PLANT CITY — Charles Todd Lee spent a lifetime going backstage at concerts, following politicians on the campaign trail and capturing iconic shots of everyone from Dr. Martin Luther King Jr. to Mick Jagger to Mickey Mantle. Today, he enjoys such freedom only in his dreams.
The 67-year-old photographer has lived in a nursing home for five years, the victim of a stroke that paralyzed his left side. And he's angry. "Most of the people come here to die, so you want to die," he said. "It is a prison. I can't escape it."
Lee is among the Medicaid recipients across Florida challenging the nightmare of the old and disabled: to be forced from comfort and familiarity into a nursing home.
They say the state is illegally forcing them to live in nursing homes when they should be able to live where they choose.
Advocates charge that nursing homes, afraid of losing money, have successfully pressured politicians to make qualifying for community care more difficult. They have filed a federal lawsuit seeking class-action status on behalf of nearly 8,500 institutionalized Floridians.
"There are very, very, very few people who cannot be cared for outside in the community," said Stephen Gold, a Philadelphia disability lawyer who, along with AARP attorneys and others, is representing the group. "Why should the state give a damn whether you put the money in the left pocket of the nursing home or the right pocket of the community?"
Americans who qualify for Medicaid and get sick or disabled enough to require substantial care typically have little problem gaining admission to a nursing home. But obtaining Medicaid-supported services at home, such as visits from an aide, is substantially harder and often involves a long waiting list, even though it may cost the government less.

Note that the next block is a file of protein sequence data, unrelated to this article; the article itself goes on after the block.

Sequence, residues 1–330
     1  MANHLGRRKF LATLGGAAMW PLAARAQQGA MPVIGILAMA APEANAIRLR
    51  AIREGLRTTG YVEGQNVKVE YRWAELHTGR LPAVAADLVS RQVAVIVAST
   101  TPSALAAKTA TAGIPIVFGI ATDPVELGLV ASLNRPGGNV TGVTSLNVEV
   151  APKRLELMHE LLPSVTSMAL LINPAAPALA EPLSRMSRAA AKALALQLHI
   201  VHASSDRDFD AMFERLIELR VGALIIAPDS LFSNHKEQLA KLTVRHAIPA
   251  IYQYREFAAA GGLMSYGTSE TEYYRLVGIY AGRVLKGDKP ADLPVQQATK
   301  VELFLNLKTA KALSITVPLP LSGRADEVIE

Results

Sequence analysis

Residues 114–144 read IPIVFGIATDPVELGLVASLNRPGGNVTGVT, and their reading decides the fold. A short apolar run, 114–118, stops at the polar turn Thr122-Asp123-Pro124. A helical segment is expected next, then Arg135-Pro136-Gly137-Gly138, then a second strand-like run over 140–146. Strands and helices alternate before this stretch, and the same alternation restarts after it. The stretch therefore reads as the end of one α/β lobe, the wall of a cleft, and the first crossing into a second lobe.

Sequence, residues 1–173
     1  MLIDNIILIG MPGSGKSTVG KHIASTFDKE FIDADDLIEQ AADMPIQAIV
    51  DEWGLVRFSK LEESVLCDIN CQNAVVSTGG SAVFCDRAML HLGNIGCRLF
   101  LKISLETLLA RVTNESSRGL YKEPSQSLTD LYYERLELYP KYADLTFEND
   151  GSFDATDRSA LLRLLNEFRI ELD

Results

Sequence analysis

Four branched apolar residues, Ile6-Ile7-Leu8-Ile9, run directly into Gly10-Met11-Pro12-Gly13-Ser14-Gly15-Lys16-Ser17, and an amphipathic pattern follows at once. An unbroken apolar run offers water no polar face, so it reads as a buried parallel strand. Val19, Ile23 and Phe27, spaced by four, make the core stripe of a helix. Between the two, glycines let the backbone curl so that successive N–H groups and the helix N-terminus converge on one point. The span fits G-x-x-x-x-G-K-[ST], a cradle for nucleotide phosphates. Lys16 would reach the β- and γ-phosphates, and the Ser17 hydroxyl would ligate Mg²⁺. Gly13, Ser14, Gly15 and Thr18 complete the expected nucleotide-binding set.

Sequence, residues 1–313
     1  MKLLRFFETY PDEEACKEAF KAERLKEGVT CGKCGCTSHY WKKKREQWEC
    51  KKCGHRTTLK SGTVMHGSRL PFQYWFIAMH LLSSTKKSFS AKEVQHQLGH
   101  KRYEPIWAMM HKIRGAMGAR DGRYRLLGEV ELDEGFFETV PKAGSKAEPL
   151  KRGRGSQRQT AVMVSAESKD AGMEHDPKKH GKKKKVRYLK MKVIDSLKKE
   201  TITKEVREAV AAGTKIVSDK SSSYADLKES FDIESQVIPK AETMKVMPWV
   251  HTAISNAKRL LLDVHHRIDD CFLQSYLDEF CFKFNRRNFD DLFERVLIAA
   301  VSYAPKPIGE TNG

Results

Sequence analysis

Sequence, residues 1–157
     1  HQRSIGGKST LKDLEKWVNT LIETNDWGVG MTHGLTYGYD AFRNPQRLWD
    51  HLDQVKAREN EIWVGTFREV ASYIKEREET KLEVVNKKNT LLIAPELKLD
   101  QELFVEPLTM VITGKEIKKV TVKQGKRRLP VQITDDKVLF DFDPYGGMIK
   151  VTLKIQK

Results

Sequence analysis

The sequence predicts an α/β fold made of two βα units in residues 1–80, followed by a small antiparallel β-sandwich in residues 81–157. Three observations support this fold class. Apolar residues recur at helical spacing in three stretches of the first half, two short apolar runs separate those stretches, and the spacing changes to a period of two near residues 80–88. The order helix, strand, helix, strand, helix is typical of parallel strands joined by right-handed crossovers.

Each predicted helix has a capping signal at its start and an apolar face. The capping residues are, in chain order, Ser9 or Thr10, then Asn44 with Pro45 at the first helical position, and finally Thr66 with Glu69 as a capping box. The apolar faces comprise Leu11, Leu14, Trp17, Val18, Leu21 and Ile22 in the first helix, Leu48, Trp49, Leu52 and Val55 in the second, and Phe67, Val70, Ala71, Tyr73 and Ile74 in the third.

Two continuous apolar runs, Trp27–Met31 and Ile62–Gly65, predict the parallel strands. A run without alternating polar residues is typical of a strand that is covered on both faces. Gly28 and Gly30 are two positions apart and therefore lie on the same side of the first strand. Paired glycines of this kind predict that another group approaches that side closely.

Advocates for the elderly and disabled had hoped a 1999 Supreme Court case would change that. The Olmstead decision, as it is known, involved two Georgia women, both Medicaid beneficiaries who wanted community-based services, but were refused.
The high court ruled unjustified isolation of the disabled in institutions amounted to discrimination under the Americans with Disabilities Act. It said states must provide community services if patients want them, if they can be accommodated and if it's appropriate.
The Florida Agency for Health Care Administration, the Florida Department of Elder Affairs and Gov. Charlie Crist's office — the three defendants — all declined to comment on the litigation. So did the Attorney General's Office, which is representing the defendants.
In court filings, the defendants have claimed the plaintiffs lack standing because they haven't proved that treatment professionals deemed community-based care appropriate for each patient.
In the end, though, the lawsuit isn't about the politicians or advocates, who are not necessarily on opposing sides. All say they want what's best for people who are sick and disabled.
John Boyd is one of them. He's 50 and became a quadriplegic 36 years ago when he fell off a wall and broke his neck. He's taking computer classes at Florida Community College at Jacksonville. For the last nine years, he has been in nursing homes. He hates them. "I can't choose what meal I want, I can't have a visitor after 8 o'clock — it's just like a prison without bars," he said.
The state, in its response to the lawsuit, questions the patients' ability to live on their own.